“The Terminator” can only be described as a classic. It has several iconic lines and scenes as well as spawning a huge franchise that, while it has fallen since the second movie, is a enormous achievement in the science-fiction genre. It also holds up very well today, almost 30 years later, making it still and incredibly enjoyable film.

Score: 89/100





New Release Tuesday: Super 8 (2011)

20 06 2011

“Super 8” is the third and most recent film from lens-flare enthusiast J.J. Abrams. Although we do see that trademark a couple times, “Super  8” is a drastic change of form compared to his other two, high-octane films (“Star Trek” and “Mission Impossible 3”) and such a change has never suited another director better. The plot revolves around Joe Lamb (Joel Courtney), a thirteen year old boy who, the summer after losing his mother, is helping his friends complete a gory zombie film for a local competition. While filming they are witness to a mysterious and explosive train crash which brings in the military and sets off an odd series of events. Joe and his friends work to finish the movie while investigating what really happened, all while navigating their interpersonal feelings. Abrams uses an excellent touch to weave all his strands together throughout the movie and allows them to all come together at the end creating a fantastic summer movie and one of the best using kids as leads.

“We’re going to find our kids.”

Movies revolving around young actors are a big gamble. There are few good enough at that point in their careers to produce the range and depth required to carry a movie. Sometimes it turns out adequately (the early Harry Potter films, ET) and sometimes it helps destroy the movie (The Phantom Menace), Super 8 is one of the rare examples where the young cast actually makes the movie. Several are ‘types’ among the child cast but they perform the roles well, and what keeps it from getting stale though, is the excellent writing of Abrams. He must clearly remember what it is like to be a kid making a movie because every one of them comes off as very believable. Sure, many of them only serve one purpose in film, but the dialogue and their interactions make these single-purpose-characters feeling fully formed. Joel Courtney plays the lead admirably and I think credit once again goes to Abrams for creating such a realistic character. I’m sure most of Joel’s work was quite easy for him being at that age but it must be noted that he rises to the occasion multiple times when a dramatic turn was required. The star of the film though is without a doubt Elle Fanning. I thought she was fantastic in one of my favorite films of 2010, “Somewhere”, and she once again shows that she may just be the best actress of her age.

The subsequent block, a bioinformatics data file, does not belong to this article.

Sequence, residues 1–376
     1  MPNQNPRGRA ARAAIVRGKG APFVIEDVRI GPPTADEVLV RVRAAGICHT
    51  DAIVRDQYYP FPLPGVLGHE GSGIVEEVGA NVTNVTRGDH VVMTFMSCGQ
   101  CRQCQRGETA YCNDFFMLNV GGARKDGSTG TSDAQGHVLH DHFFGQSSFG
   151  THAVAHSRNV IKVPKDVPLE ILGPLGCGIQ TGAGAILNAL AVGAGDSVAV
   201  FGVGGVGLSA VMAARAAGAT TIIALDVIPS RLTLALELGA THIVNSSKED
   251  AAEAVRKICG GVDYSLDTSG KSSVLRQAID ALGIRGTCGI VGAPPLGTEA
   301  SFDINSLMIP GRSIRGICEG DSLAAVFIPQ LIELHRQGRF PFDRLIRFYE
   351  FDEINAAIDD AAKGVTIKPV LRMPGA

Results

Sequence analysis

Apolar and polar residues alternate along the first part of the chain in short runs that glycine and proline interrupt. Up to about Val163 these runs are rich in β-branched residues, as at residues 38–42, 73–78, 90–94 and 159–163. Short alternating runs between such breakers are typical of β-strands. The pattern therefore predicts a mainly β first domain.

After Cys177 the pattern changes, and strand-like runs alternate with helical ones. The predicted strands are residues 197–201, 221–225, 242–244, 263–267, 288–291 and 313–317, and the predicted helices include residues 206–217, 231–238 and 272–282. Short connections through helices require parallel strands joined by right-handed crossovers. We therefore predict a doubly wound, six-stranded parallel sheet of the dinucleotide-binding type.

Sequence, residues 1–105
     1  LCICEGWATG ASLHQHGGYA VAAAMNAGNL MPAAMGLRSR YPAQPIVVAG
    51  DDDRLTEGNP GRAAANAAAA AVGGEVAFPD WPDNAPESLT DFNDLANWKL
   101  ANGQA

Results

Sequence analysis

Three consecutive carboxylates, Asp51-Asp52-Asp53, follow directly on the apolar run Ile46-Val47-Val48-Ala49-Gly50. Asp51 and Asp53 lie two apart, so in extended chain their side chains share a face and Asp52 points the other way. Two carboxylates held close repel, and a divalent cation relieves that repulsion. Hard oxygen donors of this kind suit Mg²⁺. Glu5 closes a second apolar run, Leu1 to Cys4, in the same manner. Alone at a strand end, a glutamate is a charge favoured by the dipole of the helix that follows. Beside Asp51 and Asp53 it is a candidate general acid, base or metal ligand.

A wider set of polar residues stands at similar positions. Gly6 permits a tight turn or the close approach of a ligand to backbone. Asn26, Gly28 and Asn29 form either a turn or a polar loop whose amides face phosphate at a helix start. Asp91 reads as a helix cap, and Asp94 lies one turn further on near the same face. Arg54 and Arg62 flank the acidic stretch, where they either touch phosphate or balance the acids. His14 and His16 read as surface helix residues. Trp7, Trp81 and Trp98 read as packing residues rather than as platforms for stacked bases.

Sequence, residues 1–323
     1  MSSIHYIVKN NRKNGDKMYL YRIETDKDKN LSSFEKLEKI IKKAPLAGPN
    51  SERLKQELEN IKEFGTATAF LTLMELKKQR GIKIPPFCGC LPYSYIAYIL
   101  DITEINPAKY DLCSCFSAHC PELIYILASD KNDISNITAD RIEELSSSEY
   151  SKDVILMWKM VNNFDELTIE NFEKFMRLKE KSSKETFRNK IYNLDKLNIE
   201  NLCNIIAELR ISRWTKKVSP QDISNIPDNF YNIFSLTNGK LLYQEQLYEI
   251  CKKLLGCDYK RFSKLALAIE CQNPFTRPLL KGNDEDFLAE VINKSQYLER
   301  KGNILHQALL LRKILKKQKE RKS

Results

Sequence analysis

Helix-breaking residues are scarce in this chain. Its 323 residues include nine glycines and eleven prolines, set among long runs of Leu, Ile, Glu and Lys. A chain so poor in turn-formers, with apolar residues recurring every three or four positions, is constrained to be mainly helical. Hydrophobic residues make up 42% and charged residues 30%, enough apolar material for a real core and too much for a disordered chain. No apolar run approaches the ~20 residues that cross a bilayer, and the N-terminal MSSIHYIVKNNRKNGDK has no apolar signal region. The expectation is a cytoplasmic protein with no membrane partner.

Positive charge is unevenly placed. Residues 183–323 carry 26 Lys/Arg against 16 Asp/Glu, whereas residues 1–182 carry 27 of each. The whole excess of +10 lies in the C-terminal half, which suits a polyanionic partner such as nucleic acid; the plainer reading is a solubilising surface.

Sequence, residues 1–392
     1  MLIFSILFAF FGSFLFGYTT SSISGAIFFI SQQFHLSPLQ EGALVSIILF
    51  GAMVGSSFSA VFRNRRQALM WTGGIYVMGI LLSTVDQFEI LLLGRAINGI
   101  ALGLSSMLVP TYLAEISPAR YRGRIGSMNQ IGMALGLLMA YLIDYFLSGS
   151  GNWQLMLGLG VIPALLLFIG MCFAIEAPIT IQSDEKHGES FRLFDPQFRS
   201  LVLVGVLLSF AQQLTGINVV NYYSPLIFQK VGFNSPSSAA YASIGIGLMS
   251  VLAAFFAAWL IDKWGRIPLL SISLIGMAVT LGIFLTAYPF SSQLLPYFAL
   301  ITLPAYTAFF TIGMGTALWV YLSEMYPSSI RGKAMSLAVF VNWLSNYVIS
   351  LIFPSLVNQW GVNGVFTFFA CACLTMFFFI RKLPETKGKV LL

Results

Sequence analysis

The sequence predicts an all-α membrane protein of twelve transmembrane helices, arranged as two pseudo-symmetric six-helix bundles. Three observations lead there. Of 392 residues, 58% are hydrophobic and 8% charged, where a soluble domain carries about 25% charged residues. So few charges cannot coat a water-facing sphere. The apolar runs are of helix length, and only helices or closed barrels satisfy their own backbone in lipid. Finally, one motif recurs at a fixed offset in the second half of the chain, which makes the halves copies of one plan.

“Production Value!”

It is easy to see why the keyword in most reviews of this film has been “nostalgia” and with good reason. “Super 8” invokes a feel of a time when summer movies were simpler. When it was more about telling a story. At the turn of the century when “The Matrix” and “Crouching Tiger, Hidden Dragon” came out, filmmakers realized that audiences now demanded more of a movie in terms of style and plot. This has resulted in them becoming more and more complex and produced some fantastic results like last years “Inception”, but when a movie like “Super 8” comes along it is a very refreshing change of pace.

Although it isn’t the best film I’ve seen in theaters in the last couple of years, it could very well be the most enjoyable experience. Between the warming feel of the movie, the great kids, and purely enjoyable ride of it all “Super 8” is the must-see movie so far this summer and one I’m sure that will be among the best at year’s end.

Score: 91/100





Comedy Monday: Our Hospitality (1923)

20 06 2011

With the playoffs over, my slight hiatus is done. Starting off is this early silent Buster Keaton film.